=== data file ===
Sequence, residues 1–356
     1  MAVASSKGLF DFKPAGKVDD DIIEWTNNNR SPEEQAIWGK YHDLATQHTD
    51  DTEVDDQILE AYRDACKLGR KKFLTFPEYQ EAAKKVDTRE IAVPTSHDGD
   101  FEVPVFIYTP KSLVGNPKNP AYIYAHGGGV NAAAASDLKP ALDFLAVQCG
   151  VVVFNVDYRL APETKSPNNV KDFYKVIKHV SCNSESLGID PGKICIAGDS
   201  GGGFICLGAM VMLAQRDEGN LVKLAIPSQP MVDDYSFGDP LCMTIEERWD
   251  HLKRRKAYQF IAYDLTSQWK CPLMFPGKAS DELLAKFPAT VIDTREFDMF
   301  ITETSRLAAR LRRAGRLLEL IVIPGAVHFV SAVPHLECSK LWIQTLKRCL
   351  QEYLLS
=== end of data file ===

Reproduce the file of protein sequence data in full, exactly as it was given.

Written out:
Sequence, residues 1–356
     1  MAVASSKGLF DFKPAGKVDD DIIEWTNNNR SPEEQAIWGK YHDLATQHTD
    51  DTEVDDQILE AYRDACKLGR KKFLTFPEYQ EAAKKVDTRE IAVPTSHDGD
   101  FEVPVFIYTP KSLVGNPKNP AYIYAHGGGV NAAAASDLKP ALDFLAVQCG
   151  VVVFNVDYRL APETKSPNNV KDFYKVIKHV SCNSESLGID PGKICIAGDS
   201  GGGFICLGAM VMLAQRDEGN LVKLAIPSQP MVDDYSFGDP LCMTIEERWD
   251  HLKRRKAYQF IAYDLTSQWK CPLMFPGKAS DELLAKFPAT VIDTREFDMF
   301  ITETSRLAAR LRRAGRLLEL IVIPGAVHFV SAVPHLECSK LWIQTLKRCL
   351  QEYLLS